Never before have right-leaning readers been able to enjoy such a surplus of excellence in political commentary. Every day, on sites like this one and countless others, über-talented wordsmiths stir conservative passion and shape the national debate. In honor of our country’s Olympic basketball legacy, selecting our own literary Dream Team is in order, in recognition of ten authors atop our political pyramid.
The elder statesman on the team is George F. Will. A cagey veteran of the sport – who’s been to hell and back fighting the wars of yesteryear – Will is the consummate conservative advocate. Never far from his biting commentary is the perfect historical analogy, ready to flex its logical muscle to buttress his argument. His great foible is that his technique is so polished and vocabulary so vast, at times his shots can go over our heads; a dictionary must be on hand to get through a Will column. No matter. He’s been making his shots for over five decades and continues to frame conservative ideas in their brightest light.
The heart of the team rests with Heather Mac Donald and Mark Steyn. They are the scrappy villains that home fans adore and opponents love to hate. (This is what happens when you tell the truth about the thorniest issues confronting America.) Mac Donald – a fellow at the Manhattan Institute and City Journal contributor — dissects liberalism’s unintended but unavoidable social consequences: the breakdown of the black family and crime in immigrant communities. Her literary pastime is taking classic liberal mantras – like the benefits of affirmative action and the cancer of racial profiling and bias in policing – and pulverizing them to smithereens.
A writer from the progressive Mother Jones once lamented that her brethren avoided confronting Mac Donald:
She’ll mess with your mind and make you either up your politico-cultural game or admit you were wrong. What worries me is that so few on “our” side can, or bother to, go toe to toe with her. Just about every one of her pieces is a statistical and analytical tour-de-force.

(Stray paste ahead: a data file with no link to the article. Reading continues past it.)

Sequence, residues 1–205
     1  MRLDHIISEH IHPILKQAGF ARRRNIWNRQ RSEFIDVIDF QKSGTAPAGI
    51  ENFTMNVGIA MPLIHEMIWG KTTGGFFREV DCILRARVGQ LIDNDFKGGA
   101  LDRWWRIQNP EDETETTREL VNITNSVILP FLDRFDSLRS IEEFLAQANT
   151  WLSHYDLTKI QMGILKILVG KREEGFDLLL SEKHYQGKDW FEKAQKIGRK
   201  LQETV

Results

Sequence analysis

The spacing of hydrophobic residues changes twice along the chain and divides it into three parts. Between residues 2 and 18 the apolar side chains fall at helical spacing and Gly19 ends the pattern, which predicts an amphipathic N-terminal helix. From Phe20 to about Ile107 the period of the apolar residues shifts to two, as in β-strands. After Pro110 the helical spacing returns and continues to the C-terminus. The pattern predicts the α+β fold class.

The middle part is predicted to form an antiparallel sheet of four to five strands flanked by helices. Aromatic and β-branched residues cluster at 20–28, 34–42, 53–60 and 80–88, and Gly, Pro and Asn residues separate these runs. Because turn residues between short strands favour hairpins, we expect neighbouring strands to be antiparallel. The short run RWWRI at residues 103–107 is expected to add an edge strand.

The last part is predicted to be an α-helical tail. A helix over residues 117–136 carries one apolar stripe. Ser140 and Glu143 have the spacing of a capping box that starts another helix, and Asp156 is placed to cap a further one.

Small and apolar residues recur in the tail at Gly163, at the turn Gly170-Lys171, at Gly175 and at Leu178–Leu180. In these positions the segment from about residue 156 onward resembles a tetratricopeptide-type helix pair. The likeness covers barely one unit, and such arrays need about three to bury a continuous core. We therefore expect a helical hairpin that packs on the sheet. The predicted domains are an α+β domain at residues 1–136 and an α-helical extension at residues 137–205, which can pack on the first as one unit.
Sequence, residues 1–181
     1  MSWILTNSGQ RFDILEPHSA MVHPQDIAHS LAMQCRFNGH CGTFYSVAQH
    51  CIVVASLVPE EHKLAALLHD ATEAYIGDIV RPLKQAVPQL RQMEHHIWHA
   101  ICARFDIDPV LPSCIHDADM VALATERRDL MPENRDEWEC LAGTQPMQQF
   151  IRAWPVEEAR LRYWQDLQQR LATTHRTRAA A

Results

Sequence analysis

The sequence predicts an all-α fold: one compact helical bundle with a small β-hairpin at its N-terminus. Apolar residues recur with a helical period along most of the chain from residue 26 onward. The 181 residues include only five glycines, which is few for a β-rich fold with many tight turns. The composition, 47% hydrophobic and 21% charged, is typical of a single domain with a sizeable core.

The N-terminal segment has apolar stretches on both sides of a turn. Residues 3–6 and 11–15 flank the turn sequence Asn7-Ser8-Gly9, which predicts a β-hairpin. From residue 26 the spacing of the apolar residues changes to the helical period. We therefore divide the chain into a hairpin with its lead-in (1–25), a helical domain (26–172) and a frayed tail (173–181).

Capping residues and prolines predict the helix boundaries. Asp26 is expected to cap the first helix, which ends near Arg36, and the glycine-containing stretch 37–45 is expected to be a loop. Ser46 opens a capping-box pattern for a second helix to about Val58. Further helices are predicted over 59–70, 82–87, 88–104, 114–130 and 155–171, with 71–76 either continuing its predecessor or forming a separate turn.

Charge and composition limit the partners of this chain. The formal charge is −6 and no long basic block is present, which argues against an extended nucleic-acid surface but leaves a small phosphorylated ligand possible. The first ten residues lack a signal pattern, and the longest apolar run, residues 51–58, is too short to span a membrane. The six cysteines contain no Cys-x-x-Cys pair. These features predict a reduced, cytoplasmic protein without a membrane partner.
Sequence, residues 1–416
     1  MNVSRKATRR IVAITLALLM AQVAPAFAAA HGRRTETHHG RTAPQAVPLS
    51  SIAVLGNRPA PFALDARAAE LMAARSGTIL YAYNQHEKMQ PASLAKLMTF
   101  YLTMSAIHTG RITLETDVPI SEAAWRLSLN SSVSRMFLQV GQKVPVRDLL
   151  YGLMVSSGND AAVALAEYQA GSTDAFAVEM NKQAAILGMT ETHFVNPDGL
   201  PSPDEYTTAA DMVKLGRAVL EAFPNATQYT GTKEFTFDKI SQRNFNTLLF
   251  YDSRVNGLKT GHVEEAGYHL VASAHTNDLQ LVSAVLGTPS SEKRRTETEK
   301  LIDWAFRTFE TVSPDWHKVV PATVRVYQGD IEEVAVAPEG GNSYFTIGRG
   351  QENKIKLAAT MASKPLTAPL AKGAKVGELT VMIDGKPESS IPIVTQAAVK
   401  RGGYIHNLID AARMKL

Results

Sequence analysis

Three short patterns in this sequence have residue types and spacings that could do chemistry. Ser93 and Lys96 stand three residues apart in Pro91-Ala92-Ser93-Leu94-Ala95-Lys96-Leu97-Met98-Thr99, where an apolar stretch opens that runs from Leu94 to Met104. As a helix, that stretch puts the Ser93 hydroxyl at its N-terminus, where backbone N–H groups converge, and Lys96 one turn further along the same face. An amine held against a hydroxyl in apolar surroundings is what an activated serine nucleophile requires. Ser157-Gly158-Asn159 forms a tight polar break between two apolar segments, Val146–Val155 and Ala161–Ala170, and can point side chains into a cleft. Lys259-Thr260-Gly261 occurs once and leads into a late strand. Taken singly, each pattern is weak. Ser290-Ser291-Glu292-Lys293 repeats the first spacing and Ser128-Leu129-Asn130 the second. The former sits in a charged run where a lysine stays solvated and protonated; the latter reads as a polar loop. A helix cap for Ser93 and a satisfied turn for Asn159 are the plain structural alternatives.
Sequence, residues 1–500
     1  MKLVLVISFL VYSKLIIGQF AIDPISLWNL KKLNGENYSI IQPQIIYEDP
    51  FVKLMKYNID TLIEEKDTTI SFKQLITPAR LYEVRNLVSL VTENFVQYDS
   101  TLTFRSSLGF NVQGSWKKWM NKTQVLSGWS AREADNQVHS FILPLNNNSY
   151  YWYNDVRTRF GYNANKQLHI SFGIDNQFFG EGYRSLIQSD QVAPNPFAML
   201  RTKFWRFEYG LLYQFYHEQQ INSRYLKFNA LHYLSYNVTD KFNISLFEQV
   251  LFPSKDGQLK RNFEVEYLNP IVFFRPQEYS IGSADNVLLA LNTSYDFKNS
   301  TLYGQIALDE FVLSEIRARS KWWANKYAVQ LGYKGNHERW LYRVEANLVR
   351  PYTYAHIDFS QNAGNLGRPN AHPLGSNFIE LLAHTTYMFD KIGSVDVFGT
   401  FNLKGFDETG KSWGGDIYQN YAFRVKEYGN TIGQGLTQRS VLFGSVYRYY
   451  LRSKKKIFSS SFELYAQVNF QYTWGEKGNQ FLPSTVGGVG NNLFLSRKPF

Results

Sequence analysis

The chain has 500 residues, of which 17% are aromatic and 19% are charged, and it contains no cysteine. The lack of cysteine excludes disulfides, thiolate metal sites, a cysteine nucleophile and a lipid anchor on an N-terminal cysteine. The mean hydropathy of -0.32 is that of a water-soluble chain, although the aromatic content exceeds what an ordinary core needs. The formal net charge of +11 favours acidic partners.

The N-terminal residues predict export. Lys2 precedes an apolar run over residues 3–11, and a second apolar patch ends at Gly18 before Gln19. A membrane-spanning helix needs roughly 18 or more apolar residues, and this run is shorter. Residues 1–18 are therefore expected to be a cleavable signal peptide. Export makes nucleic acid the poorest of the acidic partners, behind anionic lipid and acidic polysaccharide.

As for Steyn, literary Dream Teamers need not only be American. This Canadian citizen (though American resident and British-accented) combines talk-radio pugilism with refined intellectual script. His focus is usually big picture: bemoaning European statism and western decline, and methodically explaining the global threat of Muslim fundamentalism, particularly across the pond. In the process, he has earned the types of enemies that make conservatives proud. A body called the Canadian Human Rights Commission condemned Steyn as hateful for his lurid and analytical warning of Islamic demographic incursions. A critic once noted that “Mark Steyn is an oddity: his thoughts and themes are sane and serious—but he writes like a maniac.” Well, every great team needs a masterful maniac.
Every great team also needs some flash. Peggy Noonan provides it in droves. As a former speechwriter for the Gipper, her writing is whimsical and conversational, as if she’s across the table revealing her impressions. Sure, she’s guilty of verbosity and even the occasional fragment. Ironically, this style adds a freshness and accessibility to her prose. More importantly, her political instincts are stellar. She is also willing to incur a brushback from the base; her dismissals of Sarah Palin during the 2008 campaign and after were devastating. She’s been accused by some of pretension. Maybe so; but one would rather be pretentious and right than the alternative. You want her on the floor when the clock is running down.